DECA inspires one student to pursue dream of career in fashion industry

ment, scheduled for late February at The Broadmoor Hotel in Colorado Springs. “We have managed to truly dominate every event this year,” seven-year sponsor Sheri Bryant said. Overall, the team has raked in a total of nine team championships over a seven-year span. “There is a real misconception with students and staff that we just do Taste of Mountain Vista, miss too much school or sell concessions,” said

Fiona Blois

Bryant, who lists the team’s district championship trophy as one of her proudest accomplishments this year. “DECA students put in long hours within the school day and outside of class to study curriculum, practice with business volunteers and plan school events,” she said. “All of these skills are helping to prepare them for the real world.” This connection to reality has played a considerable role in DECA’s success, as the students really see a purpose to their hard work. “It is a rarity that a student is sitting in a mar-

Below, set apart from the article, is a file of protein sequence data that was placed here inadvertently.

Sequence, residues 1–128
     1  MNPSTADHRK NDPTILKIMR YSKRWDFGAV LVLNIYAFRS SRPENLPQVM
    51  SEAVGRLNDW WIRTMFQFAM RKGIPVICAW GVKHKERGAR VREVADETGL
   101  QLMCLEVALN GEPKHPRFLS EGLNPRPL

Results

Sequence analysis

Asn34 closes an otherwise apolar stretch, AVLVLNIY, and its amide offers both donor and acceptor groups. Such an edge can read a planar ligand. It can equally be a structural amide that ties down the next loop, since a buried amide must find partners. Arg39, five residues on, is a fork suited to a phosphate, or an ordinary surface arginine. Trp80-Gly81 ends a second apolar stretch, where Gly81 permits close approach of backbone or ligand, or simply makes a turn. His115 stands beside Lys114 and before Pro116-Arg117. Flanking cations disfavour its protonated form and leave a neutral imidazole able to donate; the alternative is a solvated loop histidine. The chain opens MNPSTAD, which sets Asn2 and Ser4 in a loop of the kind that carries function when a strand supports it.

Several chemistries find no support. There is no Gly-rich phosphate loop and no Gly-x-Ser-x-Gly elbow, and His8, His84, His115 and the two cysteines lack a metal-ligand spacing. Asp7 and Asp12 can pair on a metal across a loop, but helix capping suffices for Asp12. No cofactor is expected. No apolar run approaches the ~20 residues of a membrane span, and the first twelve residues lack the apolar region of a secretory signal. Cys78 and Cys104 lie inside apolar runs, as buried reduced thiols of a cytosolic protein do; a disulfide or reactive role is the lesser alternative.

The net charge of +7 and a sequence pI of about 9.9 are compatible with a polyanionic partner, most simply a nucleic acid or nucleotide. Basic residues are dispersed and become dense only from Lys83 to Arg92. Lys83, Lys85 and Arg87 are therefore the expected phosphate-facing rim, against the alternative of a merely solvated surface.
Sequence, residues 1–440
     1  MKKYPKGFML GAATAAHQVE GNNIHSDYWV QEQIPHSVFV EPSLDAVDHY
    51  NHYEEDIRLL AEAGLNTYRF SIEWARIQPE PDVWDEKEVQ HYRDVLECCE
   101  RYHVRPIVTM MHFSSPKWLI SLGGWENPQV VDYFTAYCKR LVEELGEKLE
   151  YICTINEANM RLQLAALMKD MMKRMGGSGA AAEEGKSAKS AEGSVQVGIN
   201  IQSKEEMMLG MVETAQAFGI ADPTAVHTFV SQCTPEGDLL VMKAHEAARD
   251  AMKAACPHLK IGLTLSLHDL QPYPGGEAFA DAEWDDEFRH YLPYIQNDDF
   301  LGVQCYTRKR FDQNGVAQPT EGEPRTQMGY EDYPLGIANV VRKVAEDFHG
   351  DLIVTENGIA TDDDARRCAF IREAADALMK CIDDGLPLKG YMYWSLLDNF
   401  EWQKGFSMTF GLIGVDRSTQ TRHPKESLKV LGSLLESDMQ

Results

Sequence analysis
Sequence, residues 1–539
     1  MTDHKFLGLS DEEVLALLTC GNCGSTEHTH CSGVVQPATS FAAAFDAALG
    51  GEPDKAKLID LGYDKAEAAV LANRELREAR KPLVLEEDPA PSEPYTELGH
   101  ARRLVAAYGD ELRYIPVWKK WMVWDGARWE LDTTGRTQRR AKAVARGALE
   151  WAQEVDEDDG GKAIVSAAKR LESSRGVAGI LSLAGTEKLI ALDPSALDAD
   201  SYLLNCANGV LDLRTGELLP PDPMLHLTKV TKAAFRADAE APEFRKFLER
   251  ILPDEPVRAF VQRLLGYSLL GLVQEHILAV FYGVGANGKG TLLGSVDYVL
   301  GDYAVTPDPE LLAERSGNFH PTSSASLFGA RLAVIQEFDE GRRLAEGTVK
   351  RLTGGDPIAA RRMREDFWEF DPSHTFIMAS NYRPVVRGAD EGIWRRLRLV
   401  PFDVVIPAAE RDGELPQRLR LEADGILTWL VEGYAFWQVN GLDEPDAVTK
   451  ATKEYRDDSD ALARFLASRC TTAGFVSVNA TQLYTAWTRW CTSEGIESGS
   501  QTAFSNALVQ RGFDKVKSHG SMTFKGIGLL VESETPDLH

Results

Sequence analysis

keting class, working in the store and wondering: ‘When am I ever going to use this information?’” Bryant said. Blois said she believes DECA has opened her eyes to the prospect of a career in the fashion industry, with the hopes of one day becoming a designer. “It’s funny that I originally didn’t consider being in DECA, but obviously I am glad I did,” she said. “I have learned a lot about the business side of fashion and other careers as well.” Blois said she has looked into the Fashion Institute of Design and Merchandising, which has four campuses in California, as a tool to achieving her dream once she leaves high school. Apart from Apparel and Accessories, Bryant said the most popular events include Hotel and Lodging, Sports Marketing and Travel and Tourism. “Really, there is a category for just about anything that kids either are interested in or in jobs where they may be currently working,” said Bryant, who considers traveling with the team one of her favorite parts of being the DECA sponsor. For Blois, the best part is the heat of competition and the “thrill of victory.” “I am thrilled because I didn’t get to go last year,” Blois said. “Now, I’m just hoping I can qualify for nationals.”